One problem we always had with the Campaign Snapshot is that it wasn’t immediately clear which subscribers you sent that campaign to. Sure, you can see the total number of recipients, but not which lists those subscribers came from. Today we did a little reshuffling with the Campaign Snapshot to make it easier to see exactly who you sent that campaign to. Even if you sent it to multiple lists, some segments and even manually added a few recipients, we’ll show it all here. Here’s a quick screenshot of the updated snapshot for a campaign sent to 3 different subscriber lists: By Clicking on the 3 subscriber lists link in the Sent to row, we reveal exactly which lists were sent to, including the number of subscribers in each: Finally, to make it a little clearer, we also moved the date sent under the Campaign Snapshot title.
The gallery of great designs by Campaign Monitor users continues to expand, showcasing lots of different email design approaches for your inspiration. Follow the gallery’s RSS feed and don’t forget to check out our new free base templates.
After some great feedback from a few customers, we’ve made some further tweaks to the 30 pack of email templates we released last week. These changes improve the results in Outlook 2007 even further, while still maintaining a consistent look in all the other email environments. Along the way we learnt about a number of key quirks in the Outlook 2007 (um, Word) rendering engine, which we plan on posting about in the next few days. We recommend downloading the latest pack to make sure all your recipients using Outlook 2007 get the benefits of these tweaks.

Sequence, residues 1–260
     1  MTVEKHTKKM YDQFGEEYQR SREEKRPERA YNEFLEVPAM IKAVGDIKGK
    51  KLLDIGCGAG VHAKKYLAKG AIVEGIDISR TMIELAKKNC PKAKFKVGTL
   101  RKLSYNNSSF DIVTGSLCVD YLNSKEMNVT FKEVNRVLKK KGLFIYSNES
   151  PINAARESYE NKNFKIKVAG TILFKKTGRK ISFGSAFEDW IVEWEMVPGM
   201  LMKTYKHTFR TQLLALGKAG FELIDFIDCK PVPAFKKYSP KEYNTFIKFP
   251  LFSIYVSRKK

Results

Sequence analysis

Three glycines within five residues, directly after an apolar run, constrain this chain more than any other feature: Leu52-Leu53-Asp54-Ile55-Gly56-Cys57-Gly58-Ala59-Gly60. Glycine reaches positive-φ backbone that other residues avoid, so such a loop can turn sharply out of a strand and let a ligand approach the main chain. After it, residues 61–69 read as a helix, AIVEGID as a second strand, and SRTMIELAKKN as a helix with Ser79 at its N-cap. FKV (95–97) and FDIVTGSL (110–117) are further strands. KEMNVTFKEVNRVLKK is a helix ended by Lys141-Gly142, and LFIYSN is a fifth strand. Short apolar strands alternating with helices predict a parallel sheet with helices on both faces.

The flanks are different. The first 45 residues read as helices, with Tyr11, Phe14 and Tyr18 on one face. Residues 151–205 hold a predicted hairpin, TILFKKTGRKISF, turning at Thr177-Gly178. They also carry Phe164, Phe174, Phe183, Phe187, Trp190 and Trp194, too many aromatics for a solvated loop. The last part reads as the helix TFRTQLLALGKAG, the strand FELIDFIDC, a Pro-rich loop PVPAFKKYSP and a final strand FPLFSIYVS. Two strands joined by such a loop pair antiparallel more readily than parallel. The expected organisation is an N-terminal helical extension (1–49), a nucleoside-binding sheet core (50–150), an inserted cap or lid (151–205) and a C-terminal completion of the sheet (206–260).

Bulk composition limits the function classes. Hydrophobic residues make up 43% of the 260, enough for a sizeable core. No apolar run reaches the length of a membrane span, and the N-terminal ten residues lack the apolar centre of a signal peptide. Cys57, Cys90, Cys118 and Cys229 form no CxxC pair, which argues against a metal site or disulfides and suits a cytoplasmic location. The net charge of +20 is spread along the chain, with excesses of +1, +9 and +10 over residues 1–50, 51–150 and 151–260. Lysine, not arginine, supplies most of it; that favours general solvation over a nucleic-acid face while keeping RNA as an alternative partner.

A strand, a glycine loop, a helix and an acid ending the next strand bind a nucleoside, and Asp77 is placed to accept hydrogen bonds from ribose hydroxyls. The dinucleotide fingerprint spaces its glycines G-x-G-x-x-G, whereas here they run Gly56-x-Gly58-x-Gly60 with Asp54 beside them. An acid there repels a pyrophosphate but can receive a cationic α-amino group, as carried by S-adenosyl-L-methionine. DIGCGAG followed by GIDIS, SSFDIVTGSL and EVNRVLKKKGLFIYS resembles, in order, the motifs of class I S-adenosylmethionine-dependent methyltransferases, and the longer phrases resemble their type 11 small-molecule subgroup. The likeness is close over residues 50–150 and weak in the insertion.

We’ve updated our results for animated GIF support in email. Check out our latest post. I’m not one for Flash, but many web designers obviously use it. Some for interactivity and others for animation. In the web environment, the latter is a replacement for animation formats of days old: animated GIFs. But Flash isn’t supported in the email environment, so for web designers accustomed to using animation to communicate a message are left searching for alternatives. Enter animated GIFs. I’m not going to argue about whether animated GIFs are a sufficient replacement for Flash or whether they are the devil or anything else of that nature. Rather, I’m simply going to share what I’ve learned about support for them in the email environment. The results are dizzying, so try to keep up. The Results Every single email client I tested supports animated GIFs. Well, except for one: Outlook 2007. Big surprise. Though if you carefully plan your animation, this news may not be so bad. Outlook 2007 displays the first frame of the GIF as a static image. So if your first frame works as a static image, you are in good shape. Some Advice I’m like a mother sharing advice you don’t necessarily want but that you do actually need. So I have some helpful tips for you regarding the use of animated GIFs: Don’t forget about accessibility. If you use animated images to tell a story, ensure everyone gets the message. Consider those with low or no visibility, slow connections and those who pay per kilobyte on their mobile devices. Learn from history. Blinking, strobing or streaking text or graphics sucked in 1999 and they suck now, too. Leave the annoying animations behind. Just because you can, doesn’t mean you should. Enough said. Be creative. Just as any tool in web design, we can use animated GIFs to enhance our message in non-invasive ways. So that’s where animated GIFs stand in the email environment. Enjoy if you must.